Choose your flight carefully and you could find yourself with extra space on board / Sergio Dionisio/Getty Images

From late boarding to scouring seat maps, Simon Calder's tricks could score you a few extra inches of space

No-one over about 5ft6 tall needs to be told that there’s not enough legroom for comfort in economy class these days. The standard “seat pitch” — the distance between the front of one seat and the front of the next — in economy class is settling at 31 inches in Europe and going long-haul. The airlines appreciate the value of additional personal space too, which is why they mostly charge extra for it. 

In the olden days of air travel, tall travellers could simply turn up early at the airport and be first in the queue when check-in opened. Emergency exit rows (which need to have more space to allow people egress to the escape hatches) tended to be populated by those with greatest need. But there are still some ways to increase your personal space...

Get an empty seat next to you

Not only does a space to your left or right improve your elbow room, it also gives you an option for extending your legs diagonally. You don’t need to be a Pythagorean genius to work out that it’s typically four extra inches. So how do you ensure there’s room to spread out? It’s getting trickier. Ryanair is now flying with an average “load factor” of 95 per cent, which means only nine or 10 empty seats on the typical flight. 

Board last in the hope of finding two empty seats together (Simon Calder)

I’ve come up couple of tricks that can work. On airlines that assign seats to anyone who (like me) is too mean to pay to choose one, be among the last to board the flight. You can then see if there are two empty seats together, and nab one of them.

On airlines that allow you to select your own seat for free within a certain timeframe (e.g. British Airways 24 hours before departure), pick a row where someone has already selected a window or aisle, and choose an aisle or window. That leaves the unpopular middle seat, and someone will sit there only if they really have to.

To certain destinations, fly British Airways

Choose your departure carefully, and check in as soon as the free seat selection service opens, 24 hours before take-off. 

While BA mostly deploys modern narrow-bodied Airbuses on European routes, it has some old Boeing 767s which it uses on high-demand routes from Heathrow. These include Athens, Rome and Istanbul. At times they are also used to Amsterdam, Frankfurt, Larnaca, Madrid and Stockholm.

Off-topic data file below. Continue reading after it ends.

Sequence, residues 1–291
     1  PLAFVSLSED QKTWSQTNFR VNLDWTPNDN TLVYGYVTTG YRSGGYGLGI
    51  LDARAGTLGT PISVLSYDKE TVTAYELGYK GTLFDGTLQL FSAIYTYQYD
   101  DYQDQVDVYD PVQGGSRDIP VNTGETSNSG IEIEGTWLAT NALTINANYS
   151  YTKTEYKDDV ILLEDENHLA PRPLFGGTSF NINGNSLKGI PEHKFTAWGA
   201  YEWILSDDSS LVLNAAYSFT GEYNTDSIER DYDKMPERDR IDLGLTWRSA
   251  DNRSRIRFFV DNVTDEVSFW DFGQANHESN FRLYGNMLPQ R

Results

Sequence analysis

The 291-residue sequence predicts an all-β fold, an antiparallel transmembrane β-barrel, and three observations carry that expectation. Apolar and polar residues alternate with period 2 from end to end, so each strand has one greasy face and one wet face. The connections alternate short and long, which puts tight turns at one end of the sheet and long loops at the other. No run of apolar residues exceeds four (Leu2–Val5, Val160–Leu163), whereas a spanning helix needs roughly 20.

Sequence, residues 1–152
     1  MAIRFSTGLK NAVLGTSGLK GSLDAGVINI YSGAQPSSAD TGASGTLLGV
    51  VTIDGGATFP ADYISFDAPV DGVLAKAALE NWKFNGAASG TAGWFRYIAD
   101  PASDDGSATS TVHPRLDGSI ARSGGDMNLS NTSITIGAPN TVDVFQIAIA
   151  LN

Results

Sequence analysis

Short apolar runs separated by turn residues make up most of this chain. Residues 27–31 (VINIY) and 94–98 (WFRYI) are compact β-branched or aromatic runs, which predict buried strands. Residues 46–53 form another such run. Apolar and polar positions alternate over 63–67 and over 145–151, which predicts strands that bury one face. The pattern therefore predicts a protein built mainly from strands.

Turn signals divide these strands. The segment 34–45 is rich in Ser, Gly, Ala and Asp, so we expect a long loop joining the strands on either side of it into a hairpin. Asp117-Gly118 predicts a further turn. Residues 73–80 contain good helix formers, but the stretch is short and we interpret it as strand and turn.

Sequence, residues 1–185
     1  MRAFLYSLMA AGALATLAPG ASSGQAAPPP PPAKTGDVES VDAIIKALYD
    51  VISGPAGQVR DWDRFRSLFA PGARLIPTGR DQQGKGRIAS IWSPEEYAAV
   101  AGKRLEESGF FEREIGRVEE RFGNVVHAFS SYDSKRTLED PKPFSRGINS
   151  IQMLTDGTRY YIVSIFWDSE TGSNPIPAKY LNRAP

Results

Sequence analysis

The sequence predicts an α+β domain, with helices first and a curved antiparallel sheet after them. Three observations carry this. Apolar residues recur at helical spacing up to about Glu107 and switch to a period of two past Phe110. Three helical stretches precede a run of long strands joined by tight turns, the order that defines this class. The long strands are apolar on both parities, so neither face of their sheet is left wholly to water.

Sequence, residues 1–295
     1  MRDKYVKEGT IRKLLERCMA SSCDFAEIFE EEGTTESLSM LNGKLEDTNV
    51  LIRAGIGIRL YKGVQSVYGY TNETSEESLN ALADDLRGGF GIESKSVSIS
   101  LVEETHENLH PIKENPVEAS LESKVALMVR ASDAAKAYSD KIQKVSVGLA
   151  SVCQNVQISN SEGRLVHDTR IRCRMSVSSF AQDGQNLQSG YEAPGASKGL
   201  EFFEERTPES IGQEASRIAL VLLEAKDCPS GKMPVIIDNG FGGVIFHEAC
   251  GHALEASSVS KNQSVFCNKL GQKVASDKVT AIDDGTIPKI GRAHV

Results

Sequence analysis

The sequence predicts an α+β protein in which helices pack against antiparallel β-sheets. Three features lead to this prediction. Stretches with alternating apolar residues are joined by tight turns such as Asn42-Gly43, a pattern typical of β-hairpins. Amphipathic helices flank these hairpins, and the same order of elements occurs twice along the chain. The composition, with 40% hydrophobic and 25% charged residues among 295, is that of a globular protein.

Rome is served by BA's old 767s (Andreas Solaro/AFP/Getty Images)

These jets are fitted with Club Europe seats with a couple of extra inches of legroom in the first 17 rows. Only rarely are all these seats taken by business travellers; the rest of the time, the curtain signifying the posh bit is moved forward, and any seats behind it are assigned to economy passengers. 

You need to book on a flight operated by the 767. Then, exactly 24 hours before departure, check in online and bag a seat in row 17 or further forward.

However, it may not work for one of three reasons: the aircraft for your flight is changed to an Airbus; all the seats are devoted to business travellers (most likely at the start or end of the working week); or people who are faster than you bag all the posh seats.

Short-haul route, long-haul plane

You can no longer fly from Heathrow to Paris in style, spreading out comfortably aboard an Aerolineas Argentinas Jumbo jet on the first leg of its journey to Buenos Aires. But there are still some short hops where you can take advantage of long-haul standards, space and amenities. 

Until the end of the month, Manchester to Munich is best covered by a South-East Asian airline. Singapore Airlines flies between north-west England and Bavaria using Boeing 777 jets equipped for 12-hour journeys — which you can enjoy for just two hours. But when the winter schedules begin, the Manchester-Singapore stretch goes non-stop.

On flights between Auckland (pictured) and Sydney you get more le room (Getty Images)

The Tasman Sea between Australia and New Zealand is prime territory, with Emirates and Latam competing between Sydney and Auckland. The first airline operates Airbus A380s on the three-hour hop as an extension of its flights from Dubai, while the second deploys Boeing 787s at the start of the long trans-Pacific journey to Santiago. As a bonus, fares are generally cheaper than Qantas, Air New Zealand and Virgin. Pay less, get more.

To Ireland, go Russian

Most of the planes that shuttle between the UK and Ireland are Boeing 737s or Airbus A320s, with knee-crushing seating arrangements. But the brand-new Sukhoi Superjets of CityJet, flying between London City and Dublin, have a 32-inch seat pitch as well as a roomy interior in a 2-3 configuration. 

I also like the Embraer 190s that British Airways flies from the Docklands airport: although it appears the seat pitch is a meagre 30 inches, in practice the 2-2 seating arrangement feels far more spacious than a 737 or narrow-bodied Airbus.

Nine is better than 10

The standard long-haul conveyance these days is the Boeing 777, a trusty workhorse of the skies. But not all 777s are equal.

When Boeing or Airbus design a plane, they suggest how airlines might want to configure the seats. But the final decision rests with the airline. When the 777 was introduced in 1994, almost every schedule airline fitted each economy row with nine seats abreast. Current exceptions, with 10 abreast, include Emirates, Air New Zealand and some Air France planes. Other airlines, such as Air Canada and Qatar Airways, are moving towards that configuration. For more elbow room, check the airline’s seat map before you book; it that looks opaque or unhelpful, is a usually reliable source.